A car full of Trump supporters pulled into the Marketplace parking lot. A man, a woman and two near teens jumped out. They had a Trump flag and ran out of the car with it. They ran over to us and held the flag in between us and the road. The teen girl stumbled towards traffic a bit and I couldn’t help but wonder what this was teaching them. It all felt like madness.
And what it also felt like to me was fear. Power. Dominance. What it felt like was Trump supporters who seemed to be emboldened to do anything. To say anything. And that it was okay. And this was one of the reasons that I really wanted to be out there because as absolutely ugly as it was, I wanted the other people. The ones without the flags. The ones not participating in the cult of personality, to know that we are not all like that. That there is hope. The people in those cars. Many were brown. Many were young. Many had children in the car. Many were female. Many of them did not honk. Many just waved or gave us a thumbs up. Because showing support there in that moment, in any way, seemed really scary. Seemed like then you would be a target as well. And who wants that?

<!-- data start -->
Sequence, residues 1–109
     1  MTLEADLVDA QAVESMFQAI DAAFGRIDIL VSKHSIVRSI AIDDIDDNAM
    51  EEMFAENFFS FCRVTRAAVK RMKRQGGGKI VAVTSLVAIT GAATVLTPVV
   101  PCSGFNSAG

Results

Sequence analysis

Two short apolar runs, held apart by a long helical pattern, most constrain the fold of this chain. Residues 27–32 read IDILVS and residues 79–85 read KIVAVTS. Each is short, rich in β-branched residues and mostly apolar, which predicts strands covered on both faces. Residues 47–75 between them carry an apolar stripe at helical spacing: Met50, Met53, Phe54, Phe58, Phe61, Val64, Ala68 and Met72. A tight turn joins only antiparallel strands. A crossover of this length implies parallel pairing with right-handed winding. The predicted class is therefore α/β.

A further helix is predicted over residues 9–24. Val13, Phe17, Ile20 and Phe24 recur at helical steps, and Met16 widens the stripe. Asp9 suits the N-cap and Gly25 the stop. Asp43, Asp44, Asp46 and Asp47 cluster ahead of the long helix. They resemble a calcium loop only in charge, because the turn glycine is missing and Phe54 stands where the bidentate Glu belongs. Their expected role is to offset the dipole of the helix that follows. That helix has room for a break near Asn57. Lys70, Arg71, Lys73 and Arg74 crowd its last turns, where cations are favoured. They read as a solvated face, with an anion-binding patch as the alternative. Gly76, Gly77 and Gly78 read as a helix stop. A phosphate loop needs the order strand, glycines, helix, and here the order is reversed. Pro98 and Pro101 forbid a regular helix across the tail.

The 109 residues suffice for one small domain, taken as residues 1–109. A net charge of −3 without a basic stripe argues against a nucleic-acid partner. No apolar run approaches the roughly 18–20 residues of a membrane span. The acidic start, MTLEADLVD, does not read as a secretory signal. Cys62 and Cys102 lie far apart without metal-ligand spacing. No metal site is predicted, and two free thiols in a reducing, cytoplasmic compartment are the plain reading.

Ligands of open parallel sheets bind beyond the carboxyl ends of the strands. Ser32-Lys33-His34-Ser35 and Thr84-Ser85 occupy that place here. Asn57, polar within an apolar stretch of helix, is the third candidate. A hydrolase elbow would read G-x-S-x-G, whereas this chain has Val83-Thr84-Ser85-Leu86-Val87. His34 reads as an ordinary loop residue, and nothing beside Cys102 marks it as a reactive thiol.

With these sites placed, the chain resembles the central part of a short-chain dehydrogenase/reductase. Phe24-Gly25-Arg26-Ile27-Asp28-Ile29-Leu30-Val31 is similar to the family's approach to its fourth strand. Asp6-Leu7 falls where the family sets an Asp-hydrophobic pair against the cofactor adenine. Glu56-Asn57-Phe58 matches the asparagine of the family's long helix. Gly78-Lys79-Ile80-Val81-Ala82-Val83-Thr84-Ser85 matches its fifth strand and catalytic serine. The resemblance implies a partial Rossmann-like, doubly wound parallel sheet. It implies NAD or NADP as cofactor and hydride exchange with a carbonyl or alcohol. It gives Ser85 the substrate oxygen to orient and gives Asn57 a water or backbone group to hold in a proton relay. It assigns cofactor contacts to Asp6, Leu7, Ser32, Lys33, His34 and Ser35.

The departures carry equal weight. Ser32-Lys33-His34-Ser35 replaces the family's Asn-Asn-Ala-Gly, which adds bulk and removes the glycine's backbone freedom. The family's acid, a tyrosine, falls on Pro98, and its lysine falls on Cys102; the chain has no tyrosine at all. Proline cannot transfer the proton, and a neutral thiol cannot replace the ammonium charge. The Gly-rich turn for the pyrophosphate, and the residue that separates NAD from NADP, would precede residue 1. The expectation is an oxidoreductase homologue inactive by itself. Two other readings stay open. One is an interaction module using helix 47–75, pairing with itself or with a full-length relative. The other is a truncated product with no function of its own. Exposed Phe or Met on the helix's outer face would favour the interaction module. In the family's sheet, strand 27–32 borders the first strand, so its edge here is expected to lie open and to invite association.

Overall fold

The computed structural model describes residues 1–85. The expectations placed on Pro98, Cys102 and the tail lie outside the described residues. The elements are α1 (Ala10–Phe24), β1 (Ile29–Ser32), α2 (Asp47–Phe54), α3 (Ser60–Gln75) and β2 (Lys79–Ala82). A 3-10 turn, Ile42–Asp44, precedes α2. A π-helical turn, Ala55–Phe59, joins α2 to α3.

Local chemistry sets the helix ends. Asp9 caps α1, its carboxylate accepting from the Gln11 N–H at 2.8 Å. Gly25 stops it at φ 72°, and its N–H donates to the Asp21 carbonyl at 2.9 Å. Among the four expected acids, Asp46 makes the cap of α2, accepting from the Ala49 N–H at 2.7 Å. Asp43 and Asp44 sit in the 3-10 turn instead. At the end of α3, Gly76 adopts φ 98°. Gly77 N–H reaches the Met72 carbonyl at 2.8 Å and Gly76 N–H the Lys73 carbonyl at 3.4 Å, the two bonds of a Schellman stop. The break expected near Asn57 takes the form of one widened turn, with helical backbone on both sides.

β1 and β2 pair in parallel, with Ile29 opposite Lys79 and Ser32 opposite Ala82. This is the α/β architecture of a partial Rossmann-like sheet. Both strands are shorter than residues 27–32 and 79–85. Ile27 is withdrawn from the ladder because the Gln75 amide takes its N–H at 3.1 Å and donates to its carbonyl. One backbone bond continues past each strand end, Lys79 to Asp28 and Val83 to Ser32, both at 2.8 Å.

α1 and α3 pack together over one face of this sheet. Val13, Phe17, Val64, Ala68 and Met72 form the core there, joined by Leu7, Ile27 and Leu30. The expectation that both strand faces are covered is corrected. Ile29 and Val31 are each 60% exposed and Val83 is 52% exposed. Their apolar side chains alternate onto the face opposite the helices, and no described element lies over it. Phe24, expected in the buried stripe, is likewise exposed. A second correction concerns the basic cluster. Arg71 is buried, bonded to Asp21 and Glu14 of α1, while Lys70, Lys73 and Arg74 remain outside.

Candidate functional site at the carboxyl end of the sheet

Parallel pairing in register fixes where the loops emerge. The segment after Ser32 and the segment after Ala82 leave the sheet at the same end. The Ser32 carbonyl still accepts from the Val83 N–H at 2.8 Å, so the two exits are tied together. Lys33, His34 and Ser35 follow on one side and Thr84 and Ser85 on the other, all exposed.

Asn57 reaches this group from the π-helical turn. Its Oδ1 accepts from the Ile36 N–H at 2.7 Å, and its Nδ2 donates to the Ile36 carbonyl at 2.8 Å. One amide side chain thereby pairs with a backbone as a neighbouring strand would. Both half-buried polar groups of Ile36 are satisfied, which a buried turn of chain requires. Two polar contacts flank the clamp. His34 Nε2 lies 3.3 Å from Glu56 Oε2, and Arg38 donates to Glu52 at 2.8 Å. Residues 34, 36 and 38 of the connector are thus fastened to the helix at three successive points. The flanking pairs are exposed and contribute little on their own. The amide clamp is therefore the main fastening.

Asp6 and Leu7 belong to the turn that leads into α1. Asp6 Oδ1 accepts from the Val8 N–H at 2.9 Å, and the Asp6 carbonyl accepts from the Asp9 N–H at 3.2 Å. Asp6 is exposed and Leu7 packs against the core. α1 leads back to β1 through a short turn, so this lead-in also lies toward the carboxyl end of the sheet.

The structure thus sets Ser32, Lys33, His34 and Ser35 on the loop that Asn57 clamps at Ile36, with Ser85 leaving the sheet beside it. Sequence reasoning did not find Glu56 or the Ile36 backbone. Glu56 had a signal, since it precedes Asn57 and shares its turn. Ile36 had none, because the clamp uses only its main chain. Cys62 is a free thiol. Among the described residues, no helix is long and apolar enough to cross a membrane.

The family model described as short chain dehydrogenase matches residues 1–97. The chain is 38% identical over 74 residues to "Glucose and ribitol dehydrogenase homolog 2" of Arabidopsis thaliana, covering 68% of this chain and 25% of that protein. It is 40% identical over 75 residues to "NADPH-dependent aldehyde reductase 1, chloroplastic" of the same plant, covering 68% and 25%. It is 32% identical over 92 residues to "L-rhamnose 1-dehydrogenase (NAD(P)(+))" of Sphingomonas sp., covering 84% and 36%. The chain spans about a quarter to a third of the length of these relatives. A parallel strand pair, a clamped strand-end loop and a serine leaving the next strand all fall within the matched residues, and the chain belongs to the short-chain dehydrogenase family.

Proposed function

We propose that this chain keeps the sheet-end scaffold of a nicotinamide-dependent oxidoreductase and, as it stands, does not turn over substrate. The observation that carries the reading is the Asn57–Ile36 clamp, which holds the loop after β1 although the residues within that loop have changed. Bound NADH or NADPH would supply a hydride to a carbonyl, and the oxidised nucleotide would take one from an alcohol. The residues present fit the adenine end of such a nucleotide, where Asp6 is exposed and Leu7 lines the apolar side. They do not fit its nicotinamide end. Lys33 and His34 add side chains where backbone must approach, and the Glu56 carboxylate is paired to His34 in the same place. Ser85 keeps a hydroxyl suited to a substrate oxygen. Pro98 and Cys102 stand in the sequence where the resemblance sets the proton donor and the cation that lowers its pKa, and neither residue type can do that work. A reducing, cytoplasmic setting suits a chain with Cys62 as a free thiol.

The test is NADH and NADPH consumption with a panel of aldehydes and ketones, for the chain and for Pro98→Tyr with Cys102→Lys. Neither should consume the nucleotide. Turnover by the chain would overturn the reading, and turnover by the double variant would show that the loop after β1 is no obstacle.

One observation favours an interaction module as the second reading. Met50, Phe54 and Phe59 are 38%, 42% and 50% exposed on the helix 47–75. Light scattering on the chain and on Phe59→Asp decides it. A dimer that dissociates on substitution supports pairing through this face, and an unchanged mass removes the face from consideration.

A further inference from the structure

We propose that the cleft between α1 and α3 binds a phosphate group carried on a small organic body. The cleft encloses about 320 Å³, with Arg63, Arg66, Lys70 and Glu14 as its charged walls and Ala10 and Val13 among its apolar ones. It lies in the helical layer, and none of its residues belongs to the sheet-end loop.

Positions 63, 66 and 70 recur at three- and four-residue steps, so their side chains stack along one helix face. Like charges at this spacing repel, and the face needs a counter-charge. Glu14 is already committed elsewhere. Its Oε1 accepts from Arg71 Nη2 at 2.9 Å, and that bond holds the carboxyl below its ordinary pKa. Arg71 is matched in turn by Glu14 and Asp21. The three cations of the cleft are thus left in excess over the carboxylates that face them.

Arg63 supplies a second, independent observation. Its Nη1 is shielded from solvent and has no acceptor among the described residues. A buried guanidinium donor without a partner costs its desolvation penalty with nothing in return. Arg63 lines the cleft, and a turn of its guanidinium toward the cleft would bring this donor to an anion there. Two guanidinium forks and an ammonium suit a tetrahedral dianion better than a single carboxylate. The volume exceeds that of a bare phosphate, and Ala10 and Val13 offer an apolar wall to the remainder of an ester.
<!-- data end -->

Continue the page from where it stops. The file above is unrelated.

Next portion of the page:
I was able to do it for about forty five minutes and then I had had enough. I came home and literally just sat in the sun for a while. I could still hear all of the honking. Part of me could argue in my head that the majority of the trucks, the flatbed with the sound system, the motorcycles and sirens, were from up island. From a place that was not where I live. But the crowds on the sides of the road were from here. Sitting in the back of pick up trucks. Or on folding chairs on the side of the road. With their American flags. And MAGA hats.
Today when I dropped my son off at school. The nice man in the mask who took my son’s temperature gave me a wave. Was he there yesterday? Cheering on the anger? Did the old guy I saw on my run today give me the finger yesterday? What about the people who work in the post office? Or my local Starbucks? I knew. I knew what it was like out here. I can’t say that I didn’t know but it almost feels like my world has experienced an earthquake. An earthquake and everything that I thought I knew is potentially wrong. My world feels askew. I thought that people could disagree but still be kind and decent. But I don’t know. It’s like a license to terrorize. To berate and belittle people who don’t agree with you. And I am certain that that attitude is not one that solely exists here. If it did not feel like the end of the world before, it most certainly does now.